The first mistake the dudes make is reaching for the soy sauce. They load it up with gobs of wasabi. Then one has the audacity to ask the calm cool genius sushi chef at the center of Anthony Bordain’s super fun graphic novel “Get Jiro”: “Hey chef, got California Roll on the menu?” That’s when Jiro first shows off his knife work, separating the dude’s blue-tooth adorned head from his body. This isn’t the first time Jiro has gotten swipe-y with his blade. When the foodie 5-0 arrives on the scene, The first mistake the dudes make is reaching for the soy sauce. They load it up with gobs of wasabi. Then one has the audacity to ask the calm cool genius sushi chef at the center of Anthony Bordain’s super fun graphic novel “Get Jiro”: “Hey chef, got California Roll on the menu?” That’s when Jiro first shows off his knife work, separating the dude’s blue-tooth adorned head from his body. This isn’t the first time Jiro has gotten swipe-y with his blade. When the foodie 5-0 arrives on the scene, they briefly acknowledge that this is the third time this month the parking lot is going to have to get swabbed down. Then they ignore the headless man, speak to the virtues of good rice and ingredients, and are on their way. The story is set in a futuristic version of Los Angeles after the fall of Hollywood and the music industry. Just the food biz remains and the top dogs are Bob, a celebrity chef and big box restaurant owner, and Rose, a vegan locavore who runs the kitchen like a hippie cult. The mysterious Jiro owns a small Japanese restaurant in an out-of-the-way strip mall next to a porn shop and a taco cart. He’s a well-kept secret until he kills the diner -- a guy with underground connections to produce. Now that Jiro’s on the radar, both Bob and Rose want Jiro on their own team. Jiro never sweats any of this and finds a way to foil both sides until something like a food civil war erupts. It has Bourdain’s colorful words and the kind of snarkiness he shows when he plays judge on “Top Chef” and refers to a dish tasting like “doll heads.” No one is safe from getting knocked down a few pegs: Not guys who wear a blue tooth, not people who make reservations years in advance for that special restaurant, not people who like things super-sized, not people who like to eat locally-grown food, not vegans or freegans, not the Japanese mafia. No one. He also takes a scene from his own life, a rare dining experience he wrote about in his memoir “Medium Raw” and turns it into a blood bath. (He frames the vegans by making sandal prints in the blood). The art, by Langdon Foss and Jose Villarrubia, is super fun and busy and you can spend a long time looking at a panel for all of the funny little ticks. I’ve been checking on the status of this graphic novel since it was first announced. It’s the random pairing of two things I really dig: Bourdain’s words and graphic novels. Plus, it has Japanese-style horror elements. It is a total blast.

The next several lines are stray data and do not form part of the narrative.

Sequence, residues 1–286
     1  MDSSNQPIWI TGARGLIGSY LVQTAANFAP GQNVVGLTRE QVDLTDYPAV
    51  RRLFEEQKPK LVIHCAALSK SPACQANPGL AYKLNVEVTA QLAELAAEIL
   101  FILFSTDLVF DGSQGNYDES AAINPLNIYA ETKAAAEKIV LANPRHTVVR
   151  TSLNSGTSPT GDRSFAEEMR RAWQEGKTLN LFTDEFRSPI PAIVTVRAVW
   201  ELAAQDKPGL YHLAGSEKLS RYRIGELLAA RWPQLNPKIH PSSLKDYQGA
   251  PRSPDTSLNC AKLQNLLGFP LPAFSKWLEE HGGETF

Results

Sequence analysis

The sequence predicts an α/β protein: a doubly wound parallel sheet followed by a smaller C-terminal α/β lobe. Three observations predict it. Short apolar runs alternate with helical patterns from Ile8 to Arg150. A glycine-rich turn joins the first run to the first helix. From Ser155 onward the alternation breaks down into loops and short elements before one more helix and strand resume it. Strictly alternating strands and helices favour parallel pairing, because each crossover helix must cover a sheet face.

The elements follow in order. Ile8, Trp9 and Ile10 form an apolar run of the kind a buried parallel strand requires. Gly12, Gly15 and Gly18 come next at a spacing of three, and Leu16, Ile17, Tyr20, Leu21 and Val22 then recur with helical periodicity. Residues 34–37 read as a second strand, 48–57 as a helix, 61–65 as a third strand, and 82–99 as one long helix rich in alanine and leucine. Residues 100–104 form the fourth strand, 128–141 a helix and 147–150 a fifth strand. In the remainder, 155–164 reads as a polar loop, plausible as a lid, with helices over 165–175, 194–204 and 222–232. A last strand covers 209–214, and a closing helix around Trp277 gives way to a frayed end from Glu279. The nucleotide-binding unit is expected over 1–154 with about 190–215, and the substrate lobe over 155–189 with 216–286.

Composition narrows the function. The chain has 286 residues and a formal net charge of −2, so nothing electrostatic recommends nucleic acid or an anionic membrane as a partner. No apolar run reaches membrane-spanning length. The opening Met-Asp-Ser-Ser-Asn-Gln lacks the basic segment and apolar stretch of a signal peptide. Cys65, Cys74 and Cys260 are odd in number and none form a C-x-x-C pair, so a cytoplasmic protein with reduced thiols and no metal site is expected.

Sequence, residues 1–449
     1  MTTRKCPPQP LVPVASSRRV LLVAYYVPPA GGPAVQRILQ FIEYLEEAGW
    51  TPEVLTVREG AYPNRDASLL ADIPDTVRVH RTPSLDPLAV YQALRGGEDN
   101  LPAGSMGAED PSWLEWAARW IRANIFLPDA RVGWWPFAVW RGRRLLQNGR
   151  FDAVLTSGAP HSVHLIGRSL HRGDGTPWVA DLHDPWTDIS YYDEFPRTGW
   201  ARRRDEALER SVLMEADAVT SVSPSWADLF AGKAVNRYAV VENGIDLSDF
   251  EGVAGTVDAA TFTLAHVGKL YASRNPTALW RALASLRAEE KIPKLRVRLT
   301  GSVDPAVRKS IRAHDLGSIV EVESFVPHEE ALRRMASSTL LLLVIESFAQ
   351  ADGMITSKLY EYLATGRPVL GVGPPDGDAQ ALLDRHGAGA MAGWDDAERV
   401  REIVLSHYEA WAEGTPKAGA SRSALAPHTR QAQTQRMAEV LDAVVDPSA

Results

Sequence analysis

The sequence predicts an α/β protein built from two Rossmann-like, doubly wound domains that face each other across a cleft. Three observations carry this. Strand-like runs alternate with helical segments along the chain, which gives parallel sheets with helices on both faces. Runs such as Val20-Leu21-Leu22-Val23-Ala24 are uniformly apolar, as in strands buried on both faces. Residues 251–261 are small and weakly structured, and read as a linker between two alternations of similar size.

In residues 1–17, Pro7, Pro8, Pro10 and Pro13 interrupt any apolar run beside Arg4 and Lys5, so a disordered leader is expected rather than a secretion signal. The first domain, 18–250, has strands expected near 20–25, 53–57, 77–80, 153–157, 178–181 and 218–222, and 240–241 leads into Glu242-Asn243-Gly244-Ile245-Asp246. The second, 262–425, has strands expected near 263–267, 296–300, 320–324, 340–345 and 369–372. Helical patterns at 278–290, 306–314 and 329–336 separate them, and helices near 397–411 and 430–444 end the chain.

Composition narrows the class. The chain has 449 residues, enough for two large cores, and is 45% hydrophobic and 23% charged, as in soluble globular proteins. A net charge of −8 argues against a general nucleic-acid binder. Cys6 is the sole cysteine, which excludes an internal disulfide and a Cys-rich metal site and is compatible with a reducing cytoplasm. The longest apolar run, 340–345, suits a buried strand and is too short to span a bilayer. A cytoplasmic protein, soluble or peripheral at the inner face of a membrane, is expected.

8. 4 out of 5